State residents approved a ballot initiative that would limit interest rates for debt accrued from receiving health care services to 3 percent – a significant reduction  from a previous cap of 10 percent. The Kaiser Family Foundation has found that approximately 9 percent of all adults owe medical debt, including 3 million individuals who owe more than $10,000. Experts predict that the measure could serve as a model for other states to follow.


In an interesting development that may portend an important cultural shift in health care delivery, Colorado voters approved a statewide referendum to legalize therapeutic applications and personal use of psilocybin and other naturally occurring psychedelic medicines. In doing so, the state joined Oregon and Washington, D.C., in decriminalizing the active ingredient in “magic mushrooms,” a policy also adopted by California in therapeutic contexts and a handful of municipalities across the country. Perhaps surprisingly and perhaps not, Coloradans simultaneously rejected ballot initiatives that would have expanded access to alcohol.


This legislative session, Maryland explored legislation to establish a single-payer commission and enacted legislation that requires a workgroup to make recommendations for a subsidy program to support small businesses. When laying out his 100-day plan, newly elected Democratic Gov. Wes Moore  committed to working to ensure universal access to affordable health coverage for all residents. The Maryland legislature may be reinvigorated to reexamine legislation towards a single-payer program under the new governorship.


Similarly, Massachusetts has explored legislation to establish a public option and a single payer system, as well as a pilot program to expand eligibility for the state’s health insurance subsidy program, all which aim to improve health care costs for the state and residents. The subsidy pilot program was ultimately vetoed by former Republican Governor Charlie Baker, but under newly elected Democratic Governor Maura Healy, such health care reforms may receive greater support.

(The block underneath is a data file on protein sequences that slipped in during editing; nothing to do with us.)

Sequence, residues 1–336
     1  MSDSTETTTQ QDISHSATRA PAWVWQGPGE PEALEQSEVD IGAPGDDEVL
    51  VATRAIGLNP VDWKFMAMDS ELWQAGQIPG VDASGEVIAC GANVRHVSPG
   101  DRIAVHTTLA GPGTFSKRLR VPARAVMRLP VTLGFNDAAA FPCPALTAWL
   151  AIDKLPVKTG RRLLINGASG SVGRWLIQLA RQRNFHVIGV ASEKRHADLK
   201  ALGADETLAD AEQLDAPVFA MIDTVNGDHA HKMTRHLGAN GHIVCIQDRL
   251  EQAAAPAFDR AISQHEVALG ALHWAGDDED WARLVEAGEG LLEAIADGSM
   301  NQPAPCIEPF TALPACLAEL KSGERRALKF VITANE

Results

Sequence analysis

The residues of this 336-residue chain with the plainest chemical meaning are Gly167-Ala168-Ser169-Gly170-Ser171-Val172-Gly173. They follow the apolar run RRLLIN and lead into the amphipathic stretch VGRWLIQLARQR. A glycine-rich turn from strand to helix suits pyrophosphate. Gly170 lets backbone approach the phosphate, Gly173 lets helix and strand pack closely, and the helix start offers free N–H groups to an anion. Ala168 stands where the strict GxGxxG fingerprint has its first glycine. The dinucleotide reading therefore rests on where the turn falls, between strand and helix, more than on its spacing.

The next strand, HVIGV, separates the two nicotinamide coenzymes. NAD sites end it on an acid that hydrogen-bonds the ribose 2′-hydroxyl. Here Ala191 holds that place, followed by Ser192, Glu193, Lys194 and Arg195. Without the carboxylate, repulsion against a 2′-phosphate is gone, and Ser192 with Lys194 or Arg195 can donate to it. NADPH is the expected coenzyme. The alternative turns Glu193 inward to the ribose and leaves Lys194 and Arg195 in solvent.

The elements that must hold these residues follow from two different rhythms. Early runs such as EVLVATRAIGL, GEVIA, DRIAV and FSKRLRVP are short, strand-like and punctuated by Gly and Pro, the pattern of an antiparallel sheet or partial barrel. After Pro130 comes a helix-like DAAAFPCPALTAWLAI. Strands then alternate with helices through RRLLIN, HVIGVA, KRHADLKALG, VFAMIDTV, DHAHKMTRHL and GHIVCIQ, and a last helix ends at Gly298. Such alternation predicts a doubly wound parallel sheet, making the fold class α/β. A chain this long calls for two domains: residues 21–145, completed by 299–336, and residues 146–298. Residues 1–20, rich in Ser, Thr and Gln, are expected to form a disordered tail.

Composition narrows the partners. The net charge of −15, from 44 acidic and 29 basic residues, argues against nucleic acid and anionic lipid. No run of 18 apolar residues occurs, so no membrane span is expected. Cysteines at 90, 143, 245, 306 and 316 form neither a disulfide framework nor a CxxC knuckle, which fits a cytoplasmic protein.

In 2021, the state enacted Senate Bill 420, which would establish a public option to be offered on the individual and small group markets in plan year 2026. State officials estimate that a public option would generate approximately $300 million in health care savings over the first five years of operation and $1 billion by the tenth year of operation. However, newly elected Republican Governor Joe Lombardo has expressed opposition to the public option and has raised doubts about its ability to improve health care affordability. The Governor may disrupt implementation or support legislation to repeal the program.


Oregon voters approved an amendment to the state constitution that would require the state to ensure that every resident has access to “cost-effective, clinically appropriate, and affordable health care as a fundamental right.”  The Oregon legislature previously enacted legislation to establish a Task Force on Universal Health Care and newly elected Governor Tina Kotek may be support new bills to advance the ballot measure.

Laboratories Of Democracy

All told, the midterm elections yielded ongoing evolution of health policy in our “laboratories of democracy.” In line with changes at the federal level, modest Democratic gains (or mitigated losses) boded well for the Medicaid program, access to abortion services, and more aggressive measures to reduce health care costs.